Daring and Dynamic Leadership

Can it exist in a risk-averse culture?

I’ve been spending a lot of time considering how we manage emergencies and disasters, particularly on a large scale. As an Emergency Manager, and someone who aspires to be on the leading edge of information and practices, this is of particular concern to me. As the nature of disasters changes, and the ways in which we understand community, culture, and communication all change, we continue to manage emergencies in decades-old ways.

In North America, emergencies and disasters are handled using the Incident Command System (ICS), or some variation thereof. ICS was developed during a series of major wildfires in California during the early 70’s, the most notable being the notorious Laguna Fire. During after-action reviews (also a product of the military), problems were noted with communication and organization of resources. ICS, having been conceived of a couple years before, was seen as the ideal way to solve some of those issues.

The men who developed ICS were all products of either the US Military in World War Two or the Korean War, or of para-military firefighting organizations. These were men who were accustomed to giving and receiving orders in organizations that retained military-like command and control structures. For its time and its purpose, ICS was a beautiful and elegant solution.

In some circumstances, ICS continues to be an elegant solution, and one that should be readily understood by emergency managers and responders in many situations. ICS is at its strongest when dealing with one organization, one discipline, or one location. It also requires that everyone working within that structure be disciplined enough to remain within the structure.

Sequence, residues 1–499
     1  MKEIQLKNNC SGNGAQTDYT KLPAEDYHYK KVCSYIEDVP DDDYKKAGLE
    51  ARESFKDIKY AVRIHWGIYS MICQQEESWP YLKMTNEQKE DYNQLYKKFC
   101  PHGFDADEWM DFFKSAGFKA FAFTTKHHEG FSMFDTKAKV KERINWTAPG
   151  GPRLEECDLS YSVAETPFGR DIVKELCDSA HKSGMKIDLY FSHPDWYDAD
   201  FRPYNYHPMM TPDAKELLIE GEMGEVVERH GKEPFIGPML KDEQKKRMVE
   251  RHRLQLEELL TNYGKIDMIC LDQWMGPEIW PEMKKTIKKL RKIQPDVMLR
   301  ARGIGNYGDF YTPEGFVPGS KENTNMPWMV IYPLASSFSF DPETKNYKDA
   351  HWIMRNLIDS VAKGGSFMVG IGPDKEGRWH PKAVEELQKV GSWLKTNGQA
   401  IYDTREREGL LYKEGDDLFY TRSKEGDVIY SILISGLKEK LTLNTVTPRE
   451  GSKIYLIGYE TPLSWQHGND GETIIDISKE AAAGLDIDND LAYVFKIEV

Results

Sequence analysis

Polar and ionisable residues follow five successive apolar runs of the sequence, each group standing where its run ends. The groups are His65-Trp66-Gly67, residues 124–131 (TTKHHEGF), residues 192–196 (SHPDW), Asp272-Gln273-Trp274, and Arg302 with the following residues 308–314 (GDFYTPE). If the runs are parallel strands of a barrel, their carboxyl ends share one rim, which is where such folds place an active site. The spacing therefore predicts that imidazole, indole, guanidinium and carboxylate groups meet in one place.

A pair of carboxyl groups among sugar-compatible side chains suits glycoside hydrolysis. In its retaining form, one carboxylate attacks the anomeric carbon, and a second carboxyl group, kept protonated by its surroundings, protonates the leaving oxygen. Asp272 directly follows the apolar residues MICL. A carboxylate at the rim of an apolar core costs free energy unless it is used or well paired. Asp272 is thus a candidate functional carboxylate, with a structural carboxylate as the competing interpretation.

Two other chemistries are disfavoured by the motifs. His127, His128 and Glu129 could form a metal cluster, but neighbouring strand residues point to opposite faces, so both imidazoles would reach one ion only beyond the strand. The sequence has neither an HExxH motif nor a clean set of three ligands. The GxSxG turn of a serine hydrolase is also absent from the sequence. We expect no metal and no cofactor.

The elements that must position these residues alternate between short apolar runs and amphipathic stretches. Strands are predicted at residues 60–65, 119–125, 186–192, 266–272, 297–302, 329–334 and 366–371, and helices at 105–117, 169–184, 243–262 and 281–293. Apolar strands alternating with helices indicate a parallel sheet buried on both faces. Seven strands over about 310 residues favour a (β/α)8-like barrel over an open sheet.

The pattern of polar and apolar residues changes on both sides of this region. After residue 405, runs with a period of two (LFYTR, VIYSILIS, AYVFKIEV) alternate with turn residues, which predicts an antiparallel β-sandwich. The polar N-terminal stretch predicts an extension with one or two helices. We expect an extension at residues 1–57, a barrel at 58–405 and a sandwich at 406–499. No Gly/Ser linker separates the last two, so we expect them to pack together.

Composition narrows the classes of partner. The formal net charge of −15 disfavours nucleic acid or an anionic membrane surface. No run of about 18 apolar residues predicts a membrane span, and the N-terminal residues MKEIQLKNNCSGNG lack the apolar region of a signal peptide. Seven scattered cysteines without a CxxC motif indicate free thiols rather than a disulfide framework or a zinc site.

For professional emergency responders such as firefighters, police officers, paramedics, and the military, ICS is an important tool in their emergency management toolbox. Just like any other tool, ICS must be used regularly – either at incidents or in exercises – to retain its usefulness and to be effective under the stress of a large-scale emergency or disaster.

ICS is built on the foundations of a society that existed fifty years ago. One where people were accustomed to large monolithic boxes in which community was contained. Denominational churches, community groups, service clubs, and even sports leagues were the heart of most towns and cities across North America. People were accustomed to living, working, and playing in top-down organizations that were built on military-like hierarchies.

If you wanted to help out during an emergency or disaster, you joined the local fire department. Or, you rallied your community group to take on a role within your city or town’s Civil Defense Organization (the precursor to today’s Emergency Management Organizations). Alternatively, you could join the Red Cross and be trained to help out, and that in itself became another service club.

It was also a much less risk-averse time in emergency response and management. If you showed up at a scene, they would just put you to work. If you showed up at the hospital after a bad car crash, they would find you something to do. If there was nothing to do, they’d send you home…but only if there was nothing to do. If there was work to be done, and you were capable of doing it, then you’d be put to work.

Lawsuits, liability claims, and lawyers have all changed the culture in emergency response and emergency management to a much more risk-averse culture. In general, this is a good thing. In most places in North America, it’s no longer necessary for the average person to be pulling people out of car wrecks (except in extraordinary circumstances). It’s also no longer appropriate to be pulling those people out of car wrecks without the appropriate training and support.

What has happened though, is that we have extended that risk aversion to all of the events that we manage, no matter how big or how small. Instead of welcoming people and the support that they bring to disaster response and recovery, we turned them away because they weren’t “in the plan”. If you want to be “in the plan” in most places, you have to be able to guarantee certain things, including that your volunteers and staff will be trained in, and follow ICS.